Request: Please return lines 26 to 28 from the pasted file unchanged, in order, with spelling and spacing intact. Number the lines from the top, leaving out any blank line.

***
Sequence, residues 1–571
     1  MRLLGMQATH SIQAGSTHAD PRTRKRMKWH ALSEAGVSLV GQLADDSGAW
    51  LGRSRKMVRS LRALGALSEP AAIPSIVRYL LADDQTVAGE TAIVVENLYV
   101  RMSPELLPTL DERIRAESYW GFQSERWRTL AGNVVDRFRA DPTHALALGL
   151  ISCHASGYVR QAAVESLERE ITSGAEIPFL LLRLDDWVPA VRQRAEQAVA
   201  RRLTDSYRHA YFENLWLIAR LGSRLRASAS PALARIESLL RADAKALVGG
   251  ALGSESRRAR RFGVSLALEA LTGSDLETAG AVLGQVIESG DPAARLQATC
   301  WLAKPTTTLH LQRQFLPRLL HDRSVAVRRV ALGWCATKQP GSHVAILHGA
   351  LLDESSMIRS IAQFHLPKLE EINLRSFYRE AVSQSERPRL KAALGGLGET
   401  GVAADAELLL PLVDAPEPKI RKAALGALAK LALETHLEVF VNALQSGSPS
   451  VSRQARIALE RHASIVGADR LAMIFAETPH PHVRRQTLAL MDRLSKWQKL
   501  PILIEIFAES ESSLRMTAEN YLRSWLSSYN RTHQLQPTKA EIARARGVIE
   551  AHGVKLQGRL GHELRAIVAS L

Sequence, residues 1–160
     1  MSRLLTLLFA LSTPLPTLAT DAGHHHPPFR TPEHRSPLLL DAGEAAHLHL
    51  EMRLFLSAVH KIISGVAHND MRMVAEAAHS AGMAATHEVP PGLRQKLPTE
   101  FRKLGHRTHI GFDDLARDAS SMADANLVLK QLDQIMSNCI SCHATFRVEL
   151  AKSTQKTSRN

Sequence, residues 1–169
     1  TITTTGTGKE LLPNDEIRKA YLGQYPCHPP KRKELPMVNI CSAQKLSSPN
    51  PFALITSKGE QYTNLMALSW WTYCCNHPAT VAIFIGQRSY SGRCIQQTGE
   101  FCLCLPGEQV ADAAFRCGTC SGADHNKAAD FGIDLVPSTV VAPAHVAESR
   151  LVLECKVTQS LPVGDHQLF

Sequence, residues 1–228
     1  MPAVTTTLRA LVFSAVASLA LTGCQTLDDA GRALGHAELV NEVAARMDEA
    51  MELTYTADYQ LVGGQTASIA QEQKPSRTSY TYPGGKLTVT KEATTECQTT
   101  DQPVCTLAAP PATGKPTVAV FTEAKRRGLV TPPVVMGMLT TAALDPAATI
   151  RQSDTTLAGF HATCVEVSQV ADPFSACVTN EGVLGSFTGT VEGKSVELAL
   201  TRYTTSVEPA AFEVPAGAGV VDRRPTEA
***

    51  MELTYTADYQ LVGGQTASIA QEQKPSRTSY TYPGGKLTVT KEATTECQTT
   101  DQPVCTLAAP PATGKPTVAV FTEAKRRGLV TPPVVMGMLT TAALDPAATI
   151  RQSDTTLAGF HATCVEVSQV ADPFSACVTN EGVLGSFTGT VEGKSVELAL